To previous generations of international rugby union players, popping into a London nightclub for 20 minutes, reportedly to drop some tickets off for a mate and without consuming any alcohol, must seem like a laughably innocuous reason for a dynamic rising star for Wasps and England to be dropped two days before the Calcutta Cup match. Take a former star for Wasps and England, who one evening on tour in Paris, in 1992, stripped almost to the buff and, covered in butter and salt, took on and beat a French No 8, a hulk of a bloke called Bernard, in a sumo wrestling match. Linda Uttley could teach Danny Cipriani a thing or two about painting the town red.
It was not to get details of her more barnstorming nights out on rugby tours, however, or even of her barnstorming runs for Teddington Antlers Ladies, Wasps, England and the British Lionesses, that I phoned Linda a couple of days ago. At the age of 41, Linda is suffering from a rare and aggressive form of terminal cancer, called leiomyosarcoma. Particular but expensive treatment from specialists at a hospital in Boston, Massachussetts, could extend her life. To this valuable end a black-tie benefit dinner has been organised for next Friday at the Richmond Hill Hotel in Richmond, Surrey.
I write about it here not just to draw attention to an enormously worthwhile event, but also to commend the way in which professional sport – so widely excoriated for its greed and selfishness – rises to such an occasion. Moreover, any notion that the male stalwarts of rugby union are dismissive of their female counterparts can be well and truly knocked on the head simply by looking at the list of those who have pledged their help, among them Martin Johnson, Lawrence Dallaglio, Jason Leonard, Will Greenwood, Dewi Morris, Brian Moore and Fergus Slattery.
I don't mean help in the form of a signed shirt or two, either. Several, if not all, of the above will be there on Friday, Slattery as host and auctioneer. The auction lots include dinner for two with Martin Johnson and lunch for four with Jason Leonard, as well as exotic holidays and boxes at Twickenham.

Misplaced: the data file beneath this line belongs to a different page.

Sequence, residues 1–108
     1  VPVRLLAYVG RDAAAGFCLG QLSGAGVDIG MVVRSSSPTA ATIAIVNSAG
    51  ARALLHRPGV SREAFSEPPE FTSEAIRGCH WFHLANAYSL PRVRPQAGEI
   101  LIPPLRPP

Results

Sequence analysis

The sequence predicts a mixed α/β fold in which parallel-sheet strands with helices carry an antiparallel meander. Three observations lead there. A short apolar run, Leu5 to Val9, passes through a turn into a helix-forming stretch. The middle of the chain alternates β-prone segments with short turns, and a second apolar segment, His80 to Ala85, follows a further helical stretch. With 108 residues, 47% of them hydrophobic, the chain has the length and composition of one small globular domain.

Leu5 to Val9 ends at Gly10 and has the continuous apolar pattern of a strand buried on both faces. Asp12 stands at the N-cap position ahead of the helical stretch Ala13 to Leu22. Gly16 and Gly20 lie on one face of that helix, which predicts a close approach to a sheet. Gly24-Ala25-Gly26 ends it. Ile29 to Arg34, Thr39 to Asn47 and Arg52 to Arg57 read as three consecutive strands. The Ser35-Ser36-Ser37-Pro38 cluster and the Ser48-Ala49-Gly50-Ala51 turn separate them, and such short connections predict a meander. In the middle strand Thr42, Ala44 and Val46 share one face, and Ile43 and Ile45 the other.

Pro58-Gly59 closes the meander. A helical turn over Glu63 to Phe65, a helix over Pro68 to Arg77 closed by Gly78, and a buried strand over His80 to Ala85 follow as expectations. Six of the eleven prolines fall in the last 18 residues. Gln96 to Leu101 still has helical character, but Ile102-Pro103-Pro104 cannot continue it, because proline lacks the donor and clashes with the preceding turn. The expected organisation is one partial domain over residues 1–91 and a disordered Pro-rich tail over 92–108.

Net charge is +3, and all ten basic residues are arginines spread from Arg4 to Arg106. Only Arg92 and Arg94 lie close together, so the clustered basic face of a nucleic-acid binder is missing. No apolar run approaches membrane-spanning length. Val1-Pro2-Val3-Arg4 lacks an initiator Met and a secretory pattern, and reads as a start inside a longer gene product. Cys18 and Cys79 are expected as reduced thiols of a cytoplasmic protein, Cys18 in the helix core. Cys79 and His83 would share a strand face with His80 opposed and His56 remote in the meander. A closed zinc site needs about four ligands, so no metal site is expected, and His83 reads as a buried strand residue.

When I asked Linda what this support meant to her, she began to cry. There was a longish pause while she recovered her composure, but by the time she'd got hers back, I was beginning to lose mine. "I am truly, truly touched," she eventually said, somewhat unnecessarily. It was a phone conversation containing laughter as well as tears, I should add. When I invited Linda to explain the events leading up to the devastating diagnosis last November, she explained that she'd been suffering from "wind problems" and so took the decision to have a hysterectomy. During the operation her ureter was accidentally cut, so she then needed bladder reconstruction, which was when several unusual nodules were spotted. All this was something I wanted to get right, so I read back through my notes with her, and with a huge laugh she corrected one significant detail. She'd cited "women's problems", not "wind problems". What can I say? I'd called her from my mobile and the signal wasn't great.
I confess that I hadn't heard of Linda before I learnt about her plight, but she is by all accounts among the finer and most popular players to have graced women's rugby over the past couple of decades. Having been introduced to rugby by her hairdresser, which strikes me as a rather marvellous way for an international sporting career to be kindled, she won 13 England caps in every position except prop, hooker and full-back, but was at her formidable best in the second row. She was no less formidable in the bar, swapping not just her shirt with the men's captain of Utrecht on a tour to Amsterdam with the Antlers, but everything she was wearing. The following year, when Utrecht came to Teddington, he returned her clothes, washed, ironed and neatly folded.
Friday's dinner might not be quite as raucous as some of the evenings Linda has known in the past, but I don't suppose that it will have a maudlin flavour. If my exchanges with her in the past few days are anything to go by, she is immensely spirited and upbeat in the face of horrible odds, and I expect that she will set the tone for a terrific night. It is no small testament to her popularity that friends she made while playing rugby are coming to the dinner from as far afield as Australia, America and South Africa.
She agreed only five weeks ago to the idea of a fund-raising dinner, then went on holiday for a week. "By the time I came back everything was in full swing," she told me, tearfully. All the tickets have been sold, but other contributions or auction bids are, needless to add, hugely welcome.Reuse content